My sister’s eyes used to light up when my father proposed something takaliya . She would beam at my father, put on her shoes, and shout back to my mother “Bhai sangere jauchi. Khaiki asibi” (I am going out with bhai. Will eat out). She called my father bhai (big brother) instead of the baapa (oriya for father) like yours truly did. She always had a mind of her own. That kid surely did. I always pictured them as a part of some secret fraternity, a brotherhood, hanging out together, doing cool things, two buddies walking into the sunset together. I don’t remember what I did while they were away busting gangs, but what I remember is them coming back, my sister more chirpy than she had left, usually with the spoils of the war-a newspaper packet. A hot newspaper packet, speckled with oil. “Jaldi kholo! Ebe baharila kareiru! Jaldi kholo thanda heijiba” (Quick! Open this! These just came out of the frying pan. Open the packet quickly or these will get cold). Inside would be all sorts of fried goodness (everything tastes good when fried, remember?), dusted with black salt. I would pick one up, take a bite, take two bites and reach for more, all the while making stories about two great buddies, one considerably shorter than the other with her hair bunched up in the front, almost resembling a whale spout.
I don’t know how to translate takaliya into English. I don’t even know if its an Oriya word, even though it was used often in our household (parents are constantly making up things, so one never knows). Savoury is too overarching a category, and sounds particularly insipid when it is used to describe food that is supposed to make your mouth water.
Piaji, Pakudi, Bara, Alu chop are some the favourite tea time snacks in Cuttack, where my father was born and brought up, and where both me and my sister were born. It is known for its street food (or so my father claims. He claims quite a lot of things for this beloved city of his, by the way).
Being an old town, unlike Bhubaneswar, it has a rather amorphous urban topography. The city is made of sahis (plural) that are usually made up of a single street with houses on either side. Sahis are mini localities in themselves and people have very strong social (and emotional) attachments with their own sahis. Every sahi (neighbourhood) has a shop that specializes in these and you will find a horde of people outside these shops since the moment it opens, usually just in time for tea. Most of them have walls made of wooden planks and a tin roof, and are very small square structures. These shops are usually manned by two men, the older one doing the frying and the younger one packing things for the waiting masses. The frying goes on till the supplies last, which is generally till dinner time. By 8 pm most of these shops close and the men manning them start for their long walk home.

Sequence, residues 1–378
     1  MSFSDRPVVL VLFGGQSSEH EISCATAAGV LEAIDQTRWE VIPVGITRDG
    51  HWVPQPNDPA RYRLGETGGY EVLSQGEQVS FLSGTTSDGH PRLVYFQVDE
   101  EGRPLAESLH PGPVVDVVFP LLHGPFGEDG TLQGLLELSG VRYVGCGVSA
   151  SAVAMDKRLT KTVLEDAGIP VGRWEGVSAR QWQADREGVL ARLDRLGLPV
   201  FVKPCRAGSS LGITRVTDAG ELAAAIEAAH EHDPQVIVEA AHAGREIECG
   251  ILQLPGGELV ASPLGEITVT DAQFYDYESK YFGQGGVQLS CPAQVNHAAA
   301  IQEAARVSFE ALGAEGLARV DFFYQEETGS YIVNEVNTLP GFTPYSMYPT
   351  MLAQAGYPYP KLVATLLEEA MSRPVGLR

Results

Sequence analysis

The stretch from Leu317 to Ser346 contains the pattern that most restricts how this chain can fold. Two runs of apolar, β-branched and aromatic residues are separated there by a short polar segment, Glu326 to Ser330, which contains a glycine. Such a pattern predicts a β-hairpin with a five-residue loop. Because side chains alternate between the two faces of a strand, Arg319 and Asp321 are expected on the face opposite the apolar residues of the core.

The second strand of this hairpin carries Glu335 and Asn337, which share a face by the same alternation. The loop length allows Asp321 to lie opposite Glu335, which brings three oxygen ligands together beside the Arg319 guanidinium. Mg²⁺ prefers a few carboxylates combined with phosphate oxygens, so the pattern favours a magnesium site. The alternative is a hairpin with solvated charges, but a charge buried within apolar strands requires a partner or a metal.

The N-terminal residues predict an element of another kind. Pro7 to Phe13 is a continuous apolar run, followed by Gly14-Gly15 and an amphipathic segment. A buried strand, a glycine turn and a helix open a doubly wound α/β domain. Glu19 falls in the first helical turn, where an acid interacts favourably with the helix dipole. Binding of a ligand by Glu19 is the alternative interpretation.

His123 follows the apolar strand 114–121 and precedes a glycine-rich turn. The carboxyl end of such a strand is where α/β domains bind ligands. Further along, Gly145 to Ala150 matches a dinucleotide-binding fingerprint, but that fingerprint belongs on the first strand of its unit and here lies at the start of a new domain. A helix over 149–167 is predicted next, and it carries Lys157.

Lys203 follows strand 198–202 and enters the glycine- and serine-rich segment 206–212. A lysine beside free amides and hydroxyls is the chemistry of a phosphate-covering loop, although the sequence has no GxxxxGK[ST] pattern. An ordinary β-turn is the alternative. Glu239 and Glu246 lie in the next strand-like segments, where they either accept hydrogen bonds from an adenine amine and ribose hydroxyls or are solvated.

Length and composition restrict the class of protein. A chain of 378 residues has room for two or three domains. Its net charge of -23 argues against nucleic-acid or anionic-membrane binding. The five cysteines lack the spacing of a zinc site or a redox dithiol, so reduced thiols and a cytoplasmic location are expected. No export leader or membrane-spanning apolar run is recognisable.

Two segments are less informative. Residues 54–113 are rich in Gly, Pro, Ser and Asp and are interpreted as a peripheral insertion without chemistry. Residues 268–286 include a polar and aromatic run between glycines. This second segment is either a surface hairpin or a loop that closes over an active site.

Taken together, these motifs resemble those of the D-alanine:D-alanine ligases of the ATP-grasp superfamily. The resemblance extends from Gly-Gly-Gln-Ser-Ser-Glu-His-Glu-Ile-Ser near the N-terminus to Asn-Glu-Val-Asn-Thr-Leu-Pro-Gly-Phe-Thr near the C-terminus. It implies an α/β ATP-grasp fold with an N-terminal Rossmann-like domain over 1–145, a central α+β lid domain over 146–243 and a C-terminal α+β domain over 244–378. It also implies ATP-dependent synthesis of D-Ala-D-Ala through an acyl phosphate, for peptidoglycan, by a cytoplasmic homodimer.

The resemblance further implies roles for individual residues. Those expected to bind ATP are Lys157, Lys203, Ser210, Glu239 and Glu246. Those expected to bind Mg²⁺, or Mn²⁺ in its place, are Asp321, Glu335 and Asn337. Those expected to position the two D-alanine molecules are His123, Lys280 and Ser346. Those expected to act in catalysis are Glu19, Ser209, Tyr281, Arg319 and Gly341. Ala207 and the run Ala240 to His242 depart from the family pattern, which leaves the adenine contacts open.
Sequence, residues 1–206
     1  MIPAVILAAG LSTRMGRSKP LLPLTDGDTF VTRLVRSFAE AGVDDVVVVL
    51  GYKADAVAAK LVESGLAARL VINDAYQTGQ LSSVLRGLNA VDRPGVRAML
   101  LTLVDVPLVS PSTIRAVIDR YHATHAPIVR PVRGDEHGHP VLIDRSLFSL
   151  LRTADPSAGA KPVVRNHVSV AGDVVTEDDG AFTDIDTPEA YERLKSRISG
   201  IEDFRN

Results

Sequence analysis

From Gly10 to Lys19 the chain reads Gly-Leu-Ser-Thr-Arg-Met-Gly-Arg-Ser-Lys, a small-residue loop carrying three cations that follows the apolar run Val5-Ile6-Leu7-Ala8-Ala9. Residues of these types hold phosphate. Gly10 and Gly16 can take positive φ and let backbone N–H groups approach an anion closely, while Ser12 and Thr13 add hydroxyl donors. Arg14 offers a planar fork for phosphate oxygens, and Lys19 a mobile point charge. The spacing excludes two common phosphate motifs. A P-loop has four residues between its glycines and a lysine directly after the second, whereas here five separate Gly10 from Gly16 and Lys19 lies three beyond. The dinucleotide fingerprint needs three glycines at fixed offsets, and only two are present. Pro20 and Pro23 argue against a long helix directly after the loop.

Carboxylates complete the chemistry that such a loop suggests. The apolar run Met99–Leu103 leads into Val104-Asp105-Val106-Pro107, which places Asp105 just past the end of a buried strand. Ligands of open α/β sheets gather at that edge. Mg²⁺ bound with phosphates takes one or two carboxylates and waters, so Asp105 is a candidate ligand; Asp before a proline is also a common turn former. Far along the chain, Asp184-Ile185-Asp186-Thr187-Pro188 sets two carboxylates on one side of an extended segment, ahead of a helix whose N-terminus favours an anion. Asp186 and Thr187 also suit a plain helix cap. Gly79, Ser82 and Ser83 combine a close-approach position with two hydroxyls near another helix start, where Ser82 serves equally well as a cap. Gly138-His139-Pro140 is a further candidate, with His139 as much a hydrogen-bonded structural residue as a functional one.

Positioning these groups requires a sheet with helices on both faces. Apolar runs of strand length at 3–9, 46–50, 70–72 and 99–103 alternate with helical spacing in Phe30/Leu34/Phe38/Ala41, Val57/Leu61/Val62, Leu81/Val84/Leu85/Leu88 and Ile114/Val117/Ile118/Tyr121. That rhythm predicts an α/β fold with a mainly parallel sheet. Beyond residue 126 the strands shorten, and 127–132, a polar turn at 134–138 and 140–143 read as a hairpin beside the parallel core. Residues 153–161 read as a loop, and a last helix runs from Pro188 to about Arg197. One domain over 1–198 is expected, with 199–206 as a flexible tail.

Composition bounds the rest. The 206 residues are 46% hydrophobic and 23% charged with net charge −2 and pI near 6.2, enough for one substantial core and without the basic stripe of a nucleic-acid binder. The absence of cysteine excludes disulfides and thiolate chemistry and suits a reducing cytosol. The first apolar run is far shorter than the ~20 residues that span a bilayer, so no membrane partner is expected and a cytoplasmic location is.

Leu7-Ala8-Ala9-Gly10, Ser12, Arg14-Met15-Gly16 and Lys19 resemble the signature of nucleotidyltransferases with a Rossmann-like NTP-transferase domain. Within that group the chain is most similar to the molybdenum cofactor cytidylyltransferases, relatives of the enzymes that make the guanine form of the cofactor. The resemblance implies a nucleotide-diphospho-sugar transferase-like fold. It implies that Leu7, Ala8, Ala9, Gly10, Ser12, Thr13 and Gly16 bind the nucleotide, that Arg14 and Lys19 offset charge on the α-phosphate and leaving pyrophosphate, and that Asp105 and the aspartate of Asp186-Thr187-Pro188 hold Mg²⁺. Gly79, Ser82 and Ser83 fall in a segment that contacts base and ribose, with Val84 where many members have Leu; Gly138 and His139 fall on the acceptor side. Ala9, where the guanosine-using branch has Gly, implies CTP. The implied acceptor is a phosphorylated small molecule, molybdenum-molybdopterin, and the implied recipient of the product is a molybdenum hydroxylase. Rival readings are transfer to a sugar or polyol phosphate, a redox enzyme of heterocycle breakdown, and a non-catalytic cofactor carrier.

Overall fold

Piaji is a onion and dal fritter. Even though it is usually served as a snack at tea time, it is sometimes served as a part of the lunch as well. A typical Oriya lunch has at least five accompaniments-dal, a side of vegetables, bhaja, bharta, and khata. Bhaja is a vegetable stir fry, seasoned with salt and turmeric, and some cumin at times. These fritters are sometimes served in the place of bhaja or even in addition to it. When guests arrived unannounced at our home during lunch, my mother’s way of “jazzing” up the lunch plate was to quickly slice some brinjals or potola (parwal or pointed gourd, dip them in a mixture of besan (chickpea batter) and deep fry them. These fritters are also crumbled into a favourite Oriya snack-masala mudhi (a spicy mix of puffed rice, onions, chillies, and a host of other things, brought together by a drizzle of raw mustard oil and a dash of lemon juice).
Channa Dal- 1 cup
Onion (finely chopped)-2, medium
Dry Red Chillies-3
Ginger-1 inch piece
Garlic- 1 large clove
Salt- to taste
Oil- for frying
Tap on the first picture for a step by step demonstration.